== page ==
Obama, GOP find common ground on fighting drug abuse


President Obama and congressional Republicans struck a note of bipartisanship Wednesday on the issue of fighting drug abuse.

Obama traveled to West Virginia, a state that has been hit particularly hard, to announce new actions focused on the problem.

{mosads}The president is ordering training about safe prescribing practices for the federal government’s healthcare professionals. In addition, more than 40 healthcare provider groups have committed to ensuring that 540,000 health professionals complete opioid prescriber training.

Major network TV channels and sports leagues such as the NBA are also donating media space for public service announcements about the risks of prescription drug misuse. 

Deaths from prescription painkillers have quadrupled since 1999, with more than 16,000 people killed in 2013 alone, according to the Centers for Disease Control and Prevention. 

“I was stunned by this statistic,” Obama said Wednesday. “More Americans now die every year from drug overdoses than they do from motor vehicle crashes.”

Fighting drug abuse has been a rare area of bipartisan cooperation in Washington, and Obama noted that both parties are moving toward an emphasis of treatment over jail time. 

“Democrats and Republicans were both responsible for wanting to look tough on the war on drugs,” Obama said. “Now both at the same time are realizing, ‘You know what? What are we doing here?’ ”

Obama received praise from Republican lawmakers for his trip to West Virginia.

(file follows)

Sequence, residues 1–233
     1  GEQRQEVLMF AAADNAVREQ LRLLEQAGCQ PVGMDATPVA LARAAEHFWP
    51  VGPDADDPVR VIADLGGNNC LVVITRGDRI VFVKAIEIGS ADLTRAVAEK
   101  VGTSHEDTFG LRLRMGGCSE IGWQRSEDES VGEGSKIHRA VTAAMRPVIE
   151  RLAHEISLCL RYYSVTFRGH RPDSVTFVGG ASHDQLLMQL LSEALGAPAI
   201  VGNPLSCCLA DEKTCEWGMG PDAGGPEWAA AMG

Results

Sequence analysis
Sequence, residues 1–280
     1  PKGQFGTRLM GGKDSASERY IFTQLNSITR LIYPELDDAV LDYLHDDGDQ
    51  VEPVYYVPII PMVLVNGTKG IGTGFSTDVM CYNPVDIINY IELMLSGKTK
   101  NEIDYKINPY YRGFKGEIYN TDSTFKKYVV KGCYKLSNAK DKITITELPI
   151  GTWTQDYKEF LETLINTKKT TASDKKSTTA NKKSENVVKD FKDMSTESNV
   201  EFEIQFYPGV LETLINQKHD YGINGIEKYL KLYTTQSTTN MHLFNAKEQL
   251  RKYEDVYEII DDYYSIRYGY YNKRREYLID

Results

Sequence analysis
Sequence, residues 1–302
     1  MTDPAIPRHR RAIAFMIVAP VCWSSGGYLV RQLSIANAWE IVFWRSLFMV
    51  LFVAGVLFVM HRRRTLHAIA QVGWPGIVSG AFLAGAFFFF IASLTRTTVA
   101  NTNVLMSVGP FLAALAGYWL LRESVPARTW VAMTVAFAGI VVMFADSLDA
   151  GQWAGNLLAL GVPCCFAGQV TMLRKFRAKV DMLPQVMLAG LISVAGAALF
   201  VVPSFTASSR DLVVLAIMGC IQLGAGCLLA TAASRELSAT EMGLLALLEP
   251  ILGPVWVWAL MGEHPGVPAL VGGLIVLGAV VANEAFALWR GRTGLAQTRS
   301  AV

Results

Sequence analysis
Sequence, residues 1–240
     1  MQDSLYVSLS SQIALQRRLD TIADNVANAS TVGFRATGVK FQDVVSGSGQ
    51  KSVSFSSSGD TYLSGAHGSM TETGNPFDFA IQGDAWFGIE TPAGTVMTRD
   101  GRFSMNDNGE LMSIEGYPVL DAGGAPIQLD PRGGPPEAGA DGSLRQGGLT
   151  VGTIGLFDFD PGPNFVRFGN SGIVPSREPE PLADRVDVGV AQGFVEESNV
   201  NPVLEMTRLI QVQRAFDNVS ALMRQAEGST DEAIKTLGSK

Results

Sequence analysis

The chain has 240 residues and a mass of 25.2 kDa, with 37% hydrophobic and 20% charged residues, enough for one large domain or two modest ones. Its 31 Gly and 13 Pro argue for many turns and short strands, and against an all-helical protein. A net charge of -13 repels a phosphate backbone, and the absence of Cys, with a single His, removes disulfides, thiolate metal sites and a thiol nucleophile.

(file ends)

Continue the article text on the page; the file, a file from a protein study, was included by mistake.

“Today’s announcement is encouraging, because it’s always positive to see Republicans and Democrats working together to address this epidemic,” Senate Majority Leader Mitch McConnell (R-Ky.) said on the Senate floor. 

McConnell has worked with the White House’s drug policy director to fight drug abuse in his home state of Kentucky. 

Republican Sens. Lamar Alexander (Tenn.) and Chuck Grassley (Iowa) also praised the administration for announcing that it is reviewing how opioids factor into a patient satisfaction survey used by Medicare. 

Both senators say they previously raised concerns with the administration that the survey could be incentivizing the prescription of more painkillers. Doctors’ payments are to some degree based on how well patients rate them on the surveys, and they tend to be rated higher if the patients are prescribed the maximum amount of painkillers. 

There are still some points to be worked out, though. Obama noted that his budget requested $133 million more to fight drug abuse.

“That’s going to require Congress,” he said. 

Tags Chuck Grassley Lamar Alexander Mitch McConnell

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